The performances by amateurs are by their nature rough-and-ready. Lines are often delivered in a wooden way, or occasionally with booze-induced gusto, but nobody is going to win an acting award. The script is often garbled nonsense, with terrible rhymes and jokes – and yet … it still works. There can be no better evocation of the Yule spirit, than watching a mummers play by or in a village pub whilst enjoying a pint or two. Beyond all the tinsel and the mass consumerism, it is a glimpse of something primal, powerful and mythically true, tapping into the deep mystery of midwinter. Millions flock to big budget blockbusters depicting Manichean conflicts between the forces of light and darkness for a similar fix, although few would realize the folk antecdent. Star Wars is a mummers play writ large with a charismatic cast and fancy special FX. Impressive, but essentially new money for old rope. Very old rope, if you follow the thread back far enough.
Some argue that mummers plays and other curious folk customs (eg the Abbots Bromley Horn Dance; or Padstow May Day) are remnants of ancient fertility ritual dating back thousands of year, but most are Victorian constructs – attempts at revival of a ‘lost England’ to counter the disenchantment of the Industrial Revolution, or later, the shattering trauma of the First World War. In a nutshell, nostalgia: the snake oil that JJ Abrams is selling us very successfully.
The Stroud Mummers emerged out of the ashes of the Stroud Morris Men in the early Twenty First Century and their cast fits into this archetypal pattern: St George; Bold Captain Rover; Bels Abub; Devilly Doubt; Mummy Christmas; Bonaparte and Nelson; and Jack Whinny (a kind of false doctor, which I played). With no rehearsal and scant information we embarked upon a weekend of performances, commencing on Friday night (18 Dec) in front of the Subscription Rooms – the thin audience comprising confused revellers on their way to see Doreen Doreen. Yet despite this unpromising start, that night the Mummers raised £150 for The Door Youth Project. On Sunday, that figure leapt to £325. A double performance at Stroud Brewery seemed to go down well and was rewarded with barrels of ale for all the performers. The most warmly received performance was to the patrons of the Rose and Crown, Nympsfield, which turned out to be the local to some of the group. The performances were enlivened with the odd pint of real ale. Amazingly, despite sword-fighting in confined spaces no injuries occurred. It was a laugh, and worthwhile. It felt a privilege to be part of a living folk tradition. May the Farce be with us.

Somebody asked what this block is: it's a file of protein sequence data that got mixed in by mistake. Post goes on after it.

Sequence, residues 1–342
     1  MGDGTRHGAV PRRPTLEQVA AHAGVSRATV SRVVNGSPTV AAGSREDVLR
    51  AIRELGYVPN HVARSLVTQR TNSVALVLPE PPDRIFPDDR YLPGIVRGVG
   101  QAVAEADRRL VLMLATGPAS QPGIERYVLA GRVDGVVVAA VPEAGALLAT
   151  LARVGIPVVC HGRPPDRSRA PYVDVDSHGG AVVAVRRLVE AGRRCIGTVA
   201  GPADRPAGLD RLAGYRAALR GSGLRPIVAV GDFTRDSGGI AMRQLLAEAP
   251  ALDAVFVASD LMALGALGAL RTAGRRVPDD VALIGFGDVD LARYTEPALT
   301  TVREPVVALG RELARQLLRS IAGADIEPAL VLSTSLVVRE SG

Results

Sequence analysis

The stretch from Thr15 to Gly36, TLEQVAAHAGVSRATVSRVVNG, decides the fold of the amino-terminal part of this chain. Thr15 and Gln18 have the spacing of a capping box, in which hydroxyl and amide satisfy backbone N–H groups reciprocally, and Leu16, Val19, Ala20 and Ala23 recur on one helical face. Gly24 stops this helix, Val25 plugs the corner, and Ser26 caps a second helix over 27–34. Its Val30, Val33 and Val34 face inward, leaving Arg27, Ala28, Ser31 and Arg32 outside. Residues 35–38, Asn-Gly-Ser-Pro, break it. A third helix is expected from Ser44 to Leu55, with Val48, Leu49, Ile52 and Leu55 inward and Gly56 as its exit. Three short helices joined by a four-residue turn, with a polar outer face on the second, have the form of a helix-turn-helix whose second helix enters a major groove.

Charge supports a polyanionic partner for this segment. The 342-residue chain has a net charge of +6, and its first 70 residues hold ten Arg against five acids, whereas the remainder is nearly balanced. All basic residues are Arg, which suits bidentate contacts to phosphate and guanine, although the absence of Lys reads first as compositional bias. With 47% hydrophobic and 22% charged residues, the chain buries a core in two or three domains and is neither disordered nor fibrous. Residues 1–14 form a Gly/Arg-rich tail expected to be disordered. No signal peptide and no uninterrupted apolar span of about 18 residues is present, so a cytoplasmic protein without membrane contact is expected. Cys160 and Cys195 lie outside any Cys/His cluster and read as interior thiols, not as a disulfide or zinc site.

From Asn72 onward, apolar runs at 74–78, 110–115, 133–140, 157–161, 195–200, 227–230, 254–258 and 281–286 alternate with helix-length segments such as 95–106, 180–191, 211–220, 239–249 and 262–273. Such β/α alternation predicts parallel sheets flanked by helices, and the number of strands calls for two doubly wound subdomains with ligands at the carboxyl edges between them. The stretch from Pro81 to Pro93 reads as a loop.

PS the next performance of the Stroud Mummers is Jan 9th as part of Stroud Wassail. http://stroudwassail.com/
FFI: Stroud Mummers incl updates http://stroudmummers.blogspot.co.uk/
Late 1618: as he sat under the Corvine Tree (the ‘Company Tree’), a sycamore which once stood in front of his home, Hawthornden Castle, the poet William Drummond greeted the playwright Ben Johnson who walked from London to Edinburgh, with: ‘Welcome, welcome, Royal Ben!’ Johnson replied, ‘Thank ye, thank ye, Hawthornden!’
The quatrains mirror the tree’s other name: the Four Sisters.
Blow your hardest, winds of the world,
Time’s river tumbles near,
Howl against Hawthornden’s high walls,
Skirling Esk’s steady roar.
By the ruinous tower proud,
Within famed halls austere,
Bards gather weary from hard road
To face the great work sheer.
Scaling the cliffs of effort stark,
Free-climbing heights alone,
The torch of wit alights the dark,
Makes whisper loud mute stone.
From compasses crossroad they come,
For a moon’s wheel they dwell,
Leaving lover, kin, known and home,
In snug, isolate cell.
Entering the caves of the mind
Dungeons of the unsaid,
Wrestling with angels, de’ils, mankind,
Within the page, the bed.
Gather for feasts, for talk, for cheer,
Share the tale and the toil,
By hearth, by platter, they draw near,
In wood, chapel and soil.
Clock ticks, pen scratch, keyboard tap-tap,
The pages stack, files stored.
Amid tomes leaf turns, ink saps.
Day, night, grows the word-hoard.
The black dog lurks and dreams bite deep,
Peace, solitude, turn tide.
Mundane demands stir us from sleep
As the horn gate swings wide.
Copyright (c) Kevan Manwaring 2.12.15